UPDATE: Fri., June 15 at 5:25 p.m.
Although moving towards a drug and alcohol free reserve has been on the books since 2013, a recent death of a 22-year-old Penticton Indian Band man prompted the reserve to make it an official ideal Friday.
Dawn Russell, communications coordinator for the PIB, told the Western News Friday, the young man fatally overdosed last week from opioid use.
Rusell was the young man’s teacher for two years and always thought he would make a great dad one day.
“I always thought, ‘oh, I’m going to hold his babies one day,” she said.
“He’s 22. He should be getting married, starting jobs, having kids, going to university. The loss of this is huge. He’s one of our community members that chops wood for our elders. We all wanted to see him grow up and see what he would do with his life. It’s a blow to the whole community.”
She thought his death was the first as a result of opioid misuse, but that drug addiction has impacted the community just as it has in all other communities across the country.
“We’ve all been affected. It’s not about whether or not someone was lost or naloxone administered to revive them. It’s impacting us. We have to go out and get naloxone training to help save our members,” she said.
In 2013, the PIB underwent a Comprehensive Community Plan. During the process every member of the band was consulted from children to seniors, Russell explained, from those discussions it became clear the overwhelming majority of the band members wanted to live in a drug and alcohol free reserve.
“What came out of that is a goal for our community to get to a place where we didn’t have drugs and alcohol in our community. That is a result of this extensive process… some of the people involved in this process were not the age of majority at the time. A number of people had been sober for years. Those voices count too. All the voices count,” she said.
“As a community we will be standing together to help each other get there.”
There are no plans to persecute people who do use alcohol and drugs, but if members know others are using substances illegally calling the RCMP might be an option, but that isn’t the preferred the method of dealing with the problem, Russell said.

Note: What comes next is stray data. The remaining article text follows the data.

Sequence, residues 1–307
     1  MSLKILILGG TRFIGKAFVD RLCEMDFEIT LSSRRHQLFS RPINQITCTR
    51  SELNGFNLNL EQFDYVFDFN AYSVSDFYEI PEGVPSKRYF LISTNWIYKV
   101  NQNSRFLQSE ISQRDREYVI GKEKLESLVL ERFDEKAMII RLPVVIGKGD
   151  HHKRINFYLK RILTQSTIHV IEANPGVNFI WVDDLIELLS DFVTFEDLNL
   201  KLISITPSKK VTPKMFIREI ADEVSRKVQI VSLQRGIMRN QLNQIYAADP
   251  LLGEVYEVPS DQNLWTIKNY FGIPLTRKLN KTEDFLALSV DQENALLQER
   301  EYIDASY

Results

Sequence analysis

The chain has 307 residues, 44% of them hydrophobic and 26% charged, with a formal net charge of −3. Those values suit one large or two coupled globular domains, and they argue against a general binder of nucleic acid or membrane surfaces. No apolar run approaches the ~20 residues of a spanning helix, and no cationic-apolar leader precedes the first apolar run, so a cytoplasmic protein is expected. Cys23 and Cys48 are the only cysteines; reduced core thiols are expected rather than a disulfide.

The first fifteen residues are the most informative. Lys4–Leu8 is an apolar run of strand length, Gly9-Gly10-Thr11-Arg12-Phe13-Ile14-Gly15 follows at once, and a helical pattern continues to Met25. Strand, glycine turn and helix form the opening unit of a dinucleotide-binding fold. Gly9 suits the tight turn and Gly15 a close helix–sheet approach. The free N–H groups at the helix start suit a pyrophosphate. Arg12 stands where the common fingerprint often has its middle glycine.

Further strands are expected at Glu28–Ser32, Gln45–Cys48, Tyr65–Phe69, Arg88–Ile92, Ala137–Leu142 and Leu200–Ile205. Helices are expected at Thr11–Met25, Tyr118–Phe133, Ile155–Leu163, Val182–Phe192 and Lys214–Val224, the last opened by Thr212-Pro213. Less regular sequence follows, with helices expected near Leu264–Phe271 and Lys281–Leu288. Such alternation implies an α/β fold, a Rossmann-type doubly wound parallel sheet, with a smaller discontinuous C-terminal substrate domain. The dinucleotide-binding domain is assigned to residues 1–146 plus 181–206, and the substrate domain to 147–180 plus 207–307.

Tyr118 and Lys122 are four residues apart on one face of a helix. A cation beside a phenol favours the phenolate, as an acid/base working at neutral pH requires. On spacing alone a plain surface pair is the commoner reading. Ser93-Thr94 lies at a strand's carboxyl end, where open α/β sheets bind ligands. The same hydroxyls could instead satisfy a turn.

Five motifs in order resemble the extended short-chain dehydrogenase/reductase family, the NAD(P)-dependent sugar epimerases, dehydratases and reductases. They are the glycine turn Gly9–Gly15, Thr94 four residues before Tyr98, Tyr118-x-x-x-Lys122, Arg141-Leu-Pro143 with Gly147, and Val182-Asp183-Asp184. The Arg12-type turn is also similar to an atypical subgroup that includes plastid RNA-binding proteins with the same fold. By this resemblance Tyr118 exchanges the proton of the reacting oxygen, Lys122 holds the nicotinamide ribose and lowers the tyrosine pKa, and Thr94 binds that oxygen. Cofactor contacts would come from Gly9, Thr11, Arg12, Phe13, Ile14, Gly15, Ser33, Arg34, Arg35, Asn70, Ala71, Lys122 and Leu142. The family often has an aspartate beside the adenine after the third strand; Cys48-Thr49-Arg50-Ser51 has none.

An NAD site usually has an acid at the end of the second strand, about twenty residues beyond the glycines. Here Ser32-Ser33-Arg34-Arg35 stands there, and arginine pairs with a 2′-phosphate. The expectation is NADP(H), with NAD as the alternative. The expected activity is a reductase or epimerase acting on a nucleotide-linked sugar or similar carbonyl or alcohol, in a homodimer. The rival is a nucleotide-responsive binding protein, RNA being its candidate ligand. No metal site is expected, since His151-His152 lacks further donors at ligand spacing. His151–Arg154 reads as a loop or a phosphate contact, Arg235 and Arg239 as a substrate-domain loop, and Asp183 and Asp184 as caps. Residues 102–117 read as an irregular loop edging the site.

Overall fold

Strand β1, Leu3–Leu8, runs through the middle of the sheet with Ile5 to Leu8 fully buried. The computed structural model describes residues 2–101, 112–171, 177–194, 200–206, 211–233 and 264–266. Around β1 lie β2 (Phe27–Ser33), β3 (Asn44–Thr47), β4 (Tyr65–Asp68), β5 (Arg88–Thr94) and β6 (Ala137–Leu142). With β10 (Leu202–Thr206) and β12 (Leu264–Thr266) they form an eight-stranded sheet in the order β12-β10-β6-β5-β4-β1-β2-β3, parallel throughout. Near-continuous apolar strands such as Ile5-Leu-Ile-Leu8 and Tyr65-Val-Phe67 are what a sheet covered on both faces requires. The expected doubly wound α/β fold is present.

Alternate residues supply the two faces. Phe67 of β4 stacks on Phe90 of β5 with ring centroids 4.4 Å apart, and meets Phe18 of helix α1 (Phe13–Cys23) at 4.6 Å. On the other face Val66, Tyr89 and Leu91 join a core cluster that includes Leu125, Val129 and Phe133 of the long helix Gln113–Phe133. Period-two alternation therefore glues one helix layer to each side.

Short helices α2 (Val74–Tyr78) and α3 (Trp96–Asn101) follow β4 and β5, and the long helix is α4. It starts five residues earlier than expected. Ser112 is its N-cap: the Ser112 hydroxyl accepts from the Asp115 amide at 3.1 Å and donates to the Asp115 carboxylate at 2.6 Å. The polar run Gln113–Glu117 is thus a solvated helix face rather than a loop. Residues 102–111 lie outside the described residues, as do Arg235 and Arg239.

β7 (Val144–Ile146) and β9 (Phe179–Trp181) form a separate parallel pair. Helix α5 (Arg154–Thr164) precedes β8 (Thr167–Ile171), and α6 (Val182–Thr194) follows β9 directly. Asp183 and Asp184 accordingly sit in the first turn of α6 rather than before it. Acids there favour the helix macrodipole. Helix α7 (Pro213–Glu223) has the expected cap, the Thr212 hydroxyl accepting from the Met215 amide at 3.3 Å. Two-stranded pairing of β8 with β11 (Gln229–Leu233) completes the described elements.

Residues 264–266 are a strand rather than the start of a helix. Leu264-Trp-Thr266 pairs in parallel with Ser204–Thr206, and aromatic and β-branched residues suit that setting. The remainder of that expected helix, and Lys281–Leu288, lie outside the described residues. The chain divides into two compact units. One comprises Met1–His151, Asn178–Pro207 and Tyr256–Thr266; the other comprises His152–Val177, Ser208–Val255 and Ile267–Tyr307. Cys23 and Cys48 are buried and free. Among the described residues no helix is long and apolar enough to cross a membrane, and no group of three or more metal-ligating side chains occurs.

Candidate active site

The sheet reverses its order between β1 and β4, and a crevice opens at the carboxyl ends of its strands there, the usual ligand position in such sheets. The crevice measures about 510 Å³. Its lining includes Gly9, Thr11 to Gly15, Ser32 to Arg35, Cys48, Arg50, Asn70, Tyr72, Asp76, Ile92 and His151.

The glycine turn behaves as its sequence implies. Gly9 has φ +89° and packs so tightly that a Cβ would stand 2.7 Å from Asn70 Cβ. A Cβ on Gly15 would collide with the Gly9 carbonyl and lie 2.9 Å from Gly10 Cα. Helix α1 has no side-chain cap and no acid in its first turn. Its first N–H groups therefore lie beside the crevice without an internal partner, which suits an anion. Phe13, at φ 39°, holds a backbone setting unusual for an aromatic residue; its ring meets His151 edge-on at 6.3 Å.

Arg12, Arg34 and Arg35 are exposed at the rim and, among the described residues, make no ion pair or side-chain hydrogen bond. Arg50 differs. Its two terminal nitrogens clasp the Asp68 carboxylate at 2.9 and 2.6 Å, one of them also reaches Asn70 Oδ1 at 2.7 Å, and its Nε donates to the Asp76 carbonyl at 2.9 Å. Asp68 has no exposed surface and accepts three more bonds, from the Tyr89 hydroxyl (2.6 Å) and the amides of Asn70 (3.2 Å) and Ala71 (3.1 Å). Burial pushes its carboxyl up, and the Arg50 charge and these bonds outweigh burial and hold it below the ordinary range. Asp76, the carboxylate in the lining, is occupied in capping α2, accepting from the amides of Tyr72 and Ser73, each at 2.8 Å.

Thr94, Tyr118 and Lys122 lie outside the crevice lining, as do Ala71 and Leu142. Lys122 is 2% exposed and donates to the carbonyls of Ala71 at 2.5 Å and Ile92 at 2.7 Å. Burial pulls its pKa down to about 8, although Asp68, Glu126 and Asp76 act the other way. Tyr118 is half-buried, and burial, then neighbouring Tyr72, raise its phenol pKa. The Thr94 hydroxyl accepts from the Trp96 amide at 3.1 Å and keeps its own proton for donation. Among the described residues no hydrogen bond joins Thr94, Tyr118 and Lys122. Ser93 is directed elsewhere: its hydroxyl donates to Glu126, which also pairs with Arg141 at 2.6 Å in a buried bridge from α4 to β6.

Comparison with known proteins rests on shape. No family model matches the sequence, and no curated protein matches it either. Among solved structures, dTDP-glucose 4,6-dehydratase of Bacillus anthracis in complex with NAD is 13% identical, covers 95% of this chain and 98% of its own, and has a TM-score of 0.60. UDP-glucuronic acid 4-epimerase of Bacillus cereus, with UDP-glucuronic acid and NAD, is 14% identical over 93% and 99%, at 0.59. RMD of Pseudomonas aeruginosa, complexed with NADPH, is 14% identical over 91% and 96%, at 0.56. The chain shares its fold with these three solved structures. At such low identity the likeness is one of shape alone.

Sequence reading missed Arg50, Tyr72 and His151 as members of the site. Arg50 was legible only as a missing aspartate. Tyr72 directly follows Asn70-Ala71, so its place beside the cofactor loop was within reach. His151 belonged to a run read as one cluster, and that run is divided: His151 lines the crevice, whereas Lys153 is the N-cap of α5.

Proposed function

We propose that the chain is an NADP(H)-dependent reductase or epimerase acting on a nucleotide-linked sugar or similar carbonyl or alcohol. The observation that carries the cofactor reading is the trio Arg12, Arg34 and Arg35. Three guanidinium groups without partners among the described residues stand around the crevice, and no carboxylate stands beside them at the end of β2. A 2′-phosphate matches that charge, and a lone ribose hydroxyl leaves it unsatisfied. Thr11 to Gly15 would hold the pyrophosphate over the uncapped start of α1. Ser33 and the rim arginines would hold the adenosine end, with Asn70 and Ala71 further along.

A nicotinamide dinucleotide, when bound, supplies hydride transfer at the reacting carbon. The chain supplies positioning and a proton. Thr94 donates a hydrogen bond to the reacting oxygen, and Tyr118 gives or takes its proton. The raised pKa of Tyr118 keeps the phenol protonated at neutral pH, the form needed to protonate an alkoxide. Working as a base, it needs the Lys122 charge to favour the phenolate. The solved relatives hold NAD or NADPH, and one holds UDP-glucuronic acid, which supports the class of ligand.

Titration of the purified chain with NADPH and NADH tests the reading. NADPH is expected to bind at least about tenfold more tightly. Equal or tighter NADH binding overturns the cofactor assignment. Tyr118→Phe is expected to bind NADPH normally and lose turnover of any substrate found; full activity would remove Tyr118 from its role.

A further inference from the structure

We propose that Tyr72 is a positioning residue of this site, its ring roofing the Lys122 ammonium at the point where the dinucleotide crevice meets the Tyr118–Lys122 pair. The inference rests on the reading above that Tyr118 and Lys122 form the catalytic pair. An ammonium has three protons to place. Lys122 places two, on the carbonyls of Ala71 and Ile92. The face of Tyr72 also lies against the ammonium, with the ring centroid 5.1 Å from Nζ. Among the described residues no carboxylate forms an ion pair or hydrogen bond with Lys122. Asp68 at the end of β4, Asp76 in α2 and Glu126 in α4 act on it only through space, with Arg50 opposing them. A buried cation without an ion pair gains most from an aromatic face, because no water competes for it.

“It’s about healing people not punishing people and providing supports,” she said, adding, “One is too many. There are problems in the City of Penticton. The social structure there alienates the users. We don’t want that. We just want our members to know that we care about them and we are ready to do what we can to help them. It’s a declaration that we are here for each other.”
The PIB plans to work with the Okanagan Nation Alliance and other agencies to address drug and alcohol misuse and encourage band and community members to not use.
In the wake of the loss of another band member, The Penticton Indian Band announced Friday afternoon it will be a drug and alcohol free reserve.
“To honour and respect each other we can no longer tolerate any illegal drugs being; sold or used, recreationally or habitually, within our boundaries. We will take every step necessary to protect our members. In the upcoming days weeks and months we will be bringing the families together and find ways to overcome the challenges we may face to support each other,”PIB Chief Chad Eneas stated in a press release.
In the press release it stated the community is currently grieving the loss of another member to the opioid and drug crisis.
During a recent Comprehensive Community Planning process the idea to become a dry reserve came through clearly from members.
“This is one of the priorities fully supported by the band council. Those that sell drugs to our members will be met with the full force of a community that is not willing to accept this behaviour and will use everything at its means to stop any and all drug activity in our community. The community and families have spoken loudly,” the release stated.
The PIB is working together with the Okanagan Nation Alliance and other partners to address the crisis.